I guess my main thoughts around Autism Awareness April are to understand that the month was designated by the UN, who are a great and well-intentioned organisation but they do not share the specific knowledge we have as Autistic people. This situation does not need to be static and the conversation around awareness and understanding and respect and inclusion is ongoing. April is often seen as being an imposition on Autistic people – at least among my own peer group. I think it would be great if we could reclaim it and make it our own. I think it’s great people are thinking about Autism even if they haven’t thought about it before, but for Autistic people and those who love us, we live Autism 24/7 all year ‘round. As an Autistic person, receiving awareness from the rest of the world is not at the top of my wish list. I want an end to bullying, violence and abuse of Autistic people. I was respect and genuine support and understanding for every Autistic person. I want meaningful employment and education opportunities. I want to not be seen as the ‘other’ but just someone with a few extra quirks. It will need more than a month and a vague notion of awareness to make that happen I think!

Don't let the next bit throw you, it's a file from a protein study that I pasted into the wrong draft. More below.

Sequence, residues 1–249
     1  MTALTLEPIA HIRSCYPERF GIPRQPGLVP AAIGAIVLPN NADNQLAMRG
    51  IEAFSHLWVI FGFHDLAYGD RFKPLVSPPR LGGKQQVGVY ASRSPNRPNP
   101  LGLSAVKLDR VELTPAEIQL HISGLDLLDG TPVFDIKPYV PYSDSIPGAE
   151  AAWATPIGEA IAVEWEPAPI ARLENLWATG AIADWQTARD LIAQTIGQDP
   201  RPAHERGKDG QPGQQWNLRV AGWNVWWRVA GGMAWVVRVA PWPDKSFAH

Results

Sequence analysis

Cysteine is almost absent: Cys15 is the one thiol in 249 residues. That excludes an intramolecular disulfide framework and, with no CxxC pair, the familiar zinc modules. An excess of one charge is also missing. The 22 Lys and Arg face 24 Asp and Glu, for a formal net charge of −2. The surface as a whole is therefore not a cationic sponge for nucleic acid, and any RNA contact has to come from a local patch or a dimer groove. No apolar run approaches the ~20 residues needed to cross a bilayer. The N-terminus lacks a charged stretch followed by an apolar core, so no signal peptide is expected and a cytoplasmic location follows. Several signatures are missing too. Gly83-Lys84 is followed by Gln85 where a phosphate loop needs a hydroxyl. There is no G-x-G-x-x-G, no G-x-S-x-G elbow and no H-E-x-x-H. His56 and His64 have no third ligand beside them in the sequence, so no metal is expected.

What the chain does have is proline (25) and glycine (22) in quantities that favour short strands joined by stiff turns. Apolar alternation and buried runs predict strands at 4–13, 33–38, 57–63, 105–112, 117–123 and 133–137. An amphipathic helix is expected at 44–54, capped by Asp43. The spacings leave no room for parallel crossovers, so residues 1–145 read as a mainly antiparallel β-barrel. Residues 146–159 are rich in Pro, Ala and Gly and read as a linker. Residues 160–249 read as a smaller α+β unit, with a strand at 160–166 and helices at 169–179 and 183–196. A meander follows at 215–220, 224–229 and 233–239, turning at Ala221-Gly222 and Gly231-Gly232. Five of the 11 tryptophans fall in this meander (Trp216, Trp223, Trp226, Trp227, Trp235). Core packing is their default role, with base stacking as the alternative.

About Yenn Purkis
Yenn Purkis (formally Jeanette) is an author, presenter, autism advocate and community leader. Yenn is the author of six published books on elements of autism and has contributed to a large number of journals, books and websites. Yenn is a presenter and facilitator and regularly gives keynote presentations including at the 2013 TEDx Canberra conference. Yenn is a member of a number of committees and reference groups and is has a number of awards for leadership in the community, including the 2016 ACT Volunteer of the Year.